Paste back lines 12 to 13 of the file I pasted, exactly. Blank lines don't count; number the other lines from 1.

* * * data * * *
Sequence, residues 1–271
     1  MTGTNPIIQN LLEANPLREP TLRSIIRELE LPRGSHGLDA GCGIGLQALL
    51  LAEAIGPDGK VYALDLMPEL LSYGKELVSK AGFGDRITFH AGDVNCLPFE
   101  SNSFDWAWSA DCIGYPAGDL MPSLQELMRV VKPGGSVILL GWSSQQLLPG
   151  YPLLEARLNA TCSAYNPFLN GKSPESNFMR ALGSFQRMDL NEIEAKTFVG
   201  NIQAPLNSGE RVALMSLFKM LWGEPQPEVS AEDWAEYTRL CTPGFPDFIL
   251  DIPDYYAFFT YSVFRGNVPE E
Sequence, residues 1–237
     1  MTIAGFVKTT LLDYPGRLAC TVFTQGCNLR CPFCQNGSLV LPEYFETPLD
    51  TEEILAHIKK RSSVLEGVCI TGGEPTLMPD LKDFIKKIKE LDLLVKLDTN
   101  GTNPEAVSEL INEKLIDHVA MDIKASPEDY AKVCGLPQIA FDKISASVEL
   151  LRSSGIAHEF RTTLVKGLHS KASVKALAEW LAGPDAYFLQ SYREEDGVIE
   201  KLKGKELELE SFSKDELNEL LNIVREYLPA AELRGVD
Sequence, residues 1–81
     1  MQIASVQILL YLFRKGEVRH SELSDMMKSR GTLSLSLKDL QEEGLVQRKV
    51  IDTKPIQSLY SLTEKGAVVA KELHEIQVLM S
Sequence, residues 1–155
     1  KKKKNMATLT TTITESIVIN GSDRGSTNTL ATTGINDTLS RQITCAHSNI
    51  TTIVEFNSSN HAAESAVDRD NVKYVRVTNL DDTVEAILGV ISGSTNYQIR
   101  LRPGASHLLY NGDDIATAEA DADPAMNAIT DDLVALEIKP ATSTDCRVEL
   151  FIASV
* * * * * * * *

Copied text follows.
   151  LRSSGIAHEF RTTLVKGLHS KASVKALAEW LAGPDAYFLQ SYREEDGVIE
   201  KLKGKELELE SFSKDELNEL LNIVREYLPA AELRGVD